Kevin Durant announces he ruptured Achilles tendon, underwent surgery

Kevin Durant announces he ruptured Achilles tendon, underwent surgery

The Warriors' worst fears came true Wednesday afternoon.

Kevin Durant announced on Instagram that he had ruptured his right Achilles tendon in Game 5 of the NBA Finals, and underwent successful surgery. The Warriors later revealed the operation was done at the Hospital for Special Surgery in New York by Dr. Martin O'Malley, who also handled Durant's foot surgery four years ago.


Here's what KD wrote in the caption.

What's good everybody I wanted to update you all: I did rupture my Achilles. Surgery was today and it was a success, EASY MONEY.

My road back starts now! I got my family and my loved ones by my side and we truly appreciate all the messages and support people have sent our way.

Like I said Monday, I'm hurting deeply, but I'm OK. Basketball is my biggest love and I wanted to be out there that night because that's what I do. I wanted to help my teammates on our quest for the three peat.

Its just the way things go in this game and I'm proud that I gave it all I physically could, and I'm proud my brothers got the W.

It's going to be a journey but I'm built for this. I'm a hooper.

I know my brothers can get this Game 6, and I will be cheering with dub nation while they do it.

Dr. Selene Parekh of The Fantasy Doctors tweeted that Durant likely will have a nine- to 11-month recovery time, meaning he would miss most, if not all, of the 2019-20 season.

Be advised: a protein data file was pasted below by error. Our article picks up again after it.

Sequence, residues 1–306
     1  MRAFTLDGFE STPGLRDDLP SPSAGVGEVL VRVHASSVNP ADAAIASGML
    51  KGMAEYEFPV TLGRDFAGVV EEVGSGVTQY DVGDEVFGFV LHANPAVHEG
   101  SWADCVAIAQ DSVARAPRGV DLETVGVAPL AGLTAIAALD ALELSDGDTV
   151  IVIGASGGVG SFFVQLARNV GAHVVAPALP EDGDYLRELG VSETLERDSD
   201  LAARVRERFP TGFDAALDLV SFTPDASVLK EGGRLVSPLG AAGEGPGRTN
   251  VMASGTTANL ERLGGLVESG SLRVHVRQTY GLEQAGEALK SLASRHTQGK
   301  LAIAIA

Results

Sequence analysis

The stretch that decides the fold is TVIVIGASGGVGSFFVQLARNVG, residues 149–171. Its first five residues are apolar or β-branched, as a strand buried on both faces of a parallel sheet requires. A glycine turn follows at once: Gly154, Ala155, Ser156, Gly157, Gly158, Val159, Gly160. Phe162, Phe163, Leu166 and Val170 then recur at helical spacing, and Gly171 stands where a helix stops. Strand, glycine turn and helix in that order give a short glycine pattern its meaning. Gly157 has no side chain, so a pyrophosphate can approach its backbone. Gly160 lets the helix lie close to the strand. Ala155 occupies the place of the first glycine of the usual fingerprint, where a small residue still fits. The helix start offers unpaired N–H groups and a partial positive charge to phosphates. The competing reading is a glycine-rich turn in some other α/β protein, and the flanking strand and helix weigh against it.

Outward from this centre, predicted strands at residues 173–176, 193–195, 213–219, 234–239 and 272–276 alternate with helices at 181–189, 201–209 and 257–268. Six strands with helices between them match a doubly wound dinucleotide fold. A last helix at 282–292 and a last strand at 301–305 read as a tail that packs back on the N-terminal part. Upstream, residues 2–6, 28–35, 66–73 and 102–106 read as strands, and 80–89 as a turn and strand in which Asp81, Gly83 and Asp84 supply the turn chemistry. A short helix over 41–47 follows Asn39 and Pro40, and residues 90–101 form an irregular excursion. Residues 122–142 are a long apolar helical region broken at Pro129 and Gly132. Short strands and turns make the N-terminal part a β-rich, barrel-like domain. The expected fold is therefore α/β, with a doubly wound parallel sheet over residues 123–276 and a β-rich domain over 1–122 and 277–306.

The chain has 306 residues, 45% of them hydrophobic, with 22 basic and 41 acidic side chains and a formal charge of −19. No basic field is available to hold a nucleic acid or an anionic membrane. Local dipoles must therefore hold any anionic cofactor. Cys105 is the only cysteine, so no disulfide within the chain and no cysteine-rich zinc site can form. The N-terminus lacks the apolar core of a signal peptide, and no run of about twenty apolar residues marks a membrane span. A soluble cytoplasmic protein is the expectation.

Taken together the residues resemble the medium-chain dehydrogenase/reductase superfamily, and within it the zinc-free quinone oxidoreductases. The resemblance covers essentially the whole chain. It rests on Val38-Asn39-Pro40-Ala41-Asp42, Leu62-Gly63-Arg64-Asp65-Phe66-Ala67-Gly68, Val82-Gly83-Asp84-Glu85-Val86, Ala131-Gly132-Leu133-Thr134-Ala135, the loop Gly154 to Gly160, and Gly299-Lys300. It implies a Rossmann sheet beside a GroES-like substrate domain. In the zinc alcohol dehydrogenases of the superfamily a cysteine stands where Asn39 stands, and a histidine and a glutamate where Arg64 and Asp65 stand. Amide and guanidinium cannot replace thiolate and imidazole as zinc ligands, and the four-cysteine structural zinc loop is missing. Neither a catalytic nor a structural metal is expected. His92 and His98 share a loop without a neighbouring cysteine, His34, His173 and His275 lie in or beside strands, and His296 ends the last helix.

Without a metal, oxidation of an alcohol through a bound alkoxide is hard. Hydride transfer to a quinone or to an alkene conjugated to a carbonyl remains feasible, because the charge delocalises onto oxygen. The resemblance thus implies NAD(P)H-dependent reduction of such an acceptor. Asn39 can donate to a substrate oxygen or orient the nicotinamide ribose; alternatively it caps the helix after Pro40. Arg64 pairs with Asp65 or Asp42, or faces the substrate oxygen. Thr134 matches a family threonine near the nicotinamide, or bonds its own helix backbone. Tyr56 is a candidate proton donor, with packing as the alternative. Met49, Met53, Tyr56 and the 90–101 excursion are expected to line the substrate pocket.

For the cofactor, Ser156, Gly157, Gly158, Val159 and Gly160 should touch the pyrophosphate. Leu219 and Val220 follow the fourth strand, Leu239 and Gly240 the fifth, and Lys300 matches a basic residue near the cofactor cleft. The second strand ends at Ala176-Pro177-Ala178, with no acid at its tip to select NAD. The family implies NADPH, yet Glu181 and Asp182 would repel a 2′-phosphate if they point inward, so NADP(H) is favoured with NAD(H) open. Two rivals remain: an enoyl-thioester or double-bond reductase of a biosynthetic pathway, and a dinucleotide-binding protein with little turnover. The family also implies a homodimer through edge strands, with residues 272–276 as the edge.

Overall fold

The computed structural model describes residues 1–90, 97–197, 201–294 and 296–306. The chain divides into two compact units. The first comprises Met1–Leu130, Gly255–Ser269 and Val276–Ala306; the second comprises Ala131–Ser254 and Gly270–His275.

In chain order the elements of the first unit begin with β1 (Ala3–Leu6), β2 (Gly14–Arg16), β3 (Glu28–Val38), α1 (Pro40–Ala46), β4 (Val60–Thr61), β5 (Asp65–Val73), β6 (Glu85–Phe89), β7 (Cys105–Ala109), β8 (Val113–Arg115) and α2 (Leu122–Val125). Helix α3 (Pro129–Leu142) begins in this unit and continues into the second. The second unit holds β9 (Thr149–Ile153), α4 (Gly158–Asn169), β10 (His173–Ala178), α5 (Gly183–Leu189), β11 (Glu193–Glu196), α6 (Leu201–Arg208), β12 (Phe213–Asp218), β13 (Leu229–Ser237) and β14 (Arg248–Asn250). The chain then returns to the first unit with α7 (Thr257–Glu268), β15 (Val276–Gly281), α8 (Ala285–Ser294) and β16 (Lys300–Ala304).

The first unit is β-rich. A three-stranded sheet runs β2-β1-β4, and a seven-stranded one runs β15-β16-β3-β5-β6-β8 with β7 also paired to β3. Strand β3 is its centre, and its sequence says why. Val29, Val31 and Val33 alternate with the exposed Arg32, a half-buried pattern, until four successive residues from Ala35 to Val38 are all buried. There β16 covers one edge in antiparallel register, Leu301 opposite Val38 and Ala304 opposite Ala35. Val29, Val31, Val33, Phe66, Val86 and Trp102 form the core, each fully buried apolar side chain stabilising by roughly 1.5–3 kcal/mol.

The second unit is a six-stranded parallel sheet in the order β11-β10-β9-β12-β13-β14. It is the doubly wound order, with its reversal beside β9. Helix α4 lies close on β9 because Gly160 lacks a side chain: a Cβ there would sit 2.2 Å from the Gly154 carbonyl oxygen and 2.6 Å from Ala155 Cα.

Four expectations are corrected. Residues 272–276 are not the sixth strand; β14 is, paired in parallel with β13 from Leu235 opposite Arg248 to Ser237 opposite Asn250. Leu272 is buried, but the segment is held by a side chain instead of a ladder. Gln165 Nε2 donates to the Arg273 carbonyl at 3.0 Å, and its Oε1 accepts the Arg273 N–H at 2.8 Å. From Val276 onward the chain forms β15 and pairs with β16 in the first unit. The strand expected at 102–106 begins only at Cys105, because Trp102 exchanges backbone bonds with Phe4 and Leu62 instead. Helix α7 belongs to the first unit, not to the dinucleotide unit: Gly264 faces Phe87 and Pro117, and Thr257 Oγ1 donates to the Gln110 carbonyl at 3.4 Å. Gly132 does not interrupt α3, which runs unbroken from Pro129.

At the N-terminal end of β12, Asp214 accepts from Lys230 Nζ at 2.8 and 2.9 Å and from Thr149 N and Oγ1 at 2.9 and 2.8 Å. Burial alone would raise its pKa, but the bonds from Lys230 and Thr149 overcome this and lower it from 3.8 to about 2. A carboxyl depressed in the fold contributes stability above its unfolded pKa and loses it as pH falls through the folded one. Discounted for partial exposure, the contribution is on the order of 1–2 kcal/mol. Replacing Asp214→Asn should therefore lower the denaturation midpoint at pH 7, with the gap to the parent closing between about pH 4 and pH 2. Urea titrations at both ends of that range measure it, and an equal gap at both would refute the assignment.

Warriors coach Steve Kerr addressed the media just moments before Durant made his announcement, and said the Achilles injury was a "shock" to the team.

"If we knew this was in the realm of possibility, we would have never allowed Kevin to come back," Kerr said.

Durant was injured early in the second quarter of the Warriors' eventual 106-105 win over the Toronto Raptors on Monday. He caught the ball on the right wing, and his right leg buckled to the ground when he tried to dribble past Raptors big man Serge Ibaka.

Durant was playing in his first game since May 8, when he suffered a calf strain in the Warriors' second-round playoff series against the Houston Rockets. Durant missed 32 days -- including nine games -- but fought back to return for Game 5 with the Warriors facing a three-games-to-one deficit despite reportedly "not being close to 100 percent."

Durant looked brilliant in his 12 minutes on the court, pouring in 11 points and helping set the tone for Golden State in a must-win game. But his body clearly wasn't quite ready.

[RELATED: Why Warriors should be proud regardless of NBA Finals result]

The minute KD's injury happened, the Warriors knew they'd have to fight back and win their third consecutive NBA championship without their star forward's help. But they now know Durant likely won't play at all in the 2019-20 season, either.

Durant's injury also might complicate the question of where he'll play next season. He has a $31.5 million player option on the Warriors contract he signed last year, and although many might believe this news would give Golden State a better chance at keeping him, Durant opting in to the deal reportedly would be "the last resort" for him.

Warriors' Eric Paschall explains why he became a two-foot jumper

Warriors' Eric Paschall explains why he became a two-foot jumper

When Warriors rookie Eric Paschall attacks the rim, you hardly ever see him leave the ground off one foot.

The No. 41 overall pick in the 2019 NBA Draft almost always explodes towards the basket off both legs.

That is by design.

"I actually used to be a one-foot jumper," Paschall told NBC Sports Bay Area during a Zoom conversation Monday afternoon. "I'm scared of getting hurt. I feel like with one foot you never know what's gonna happen.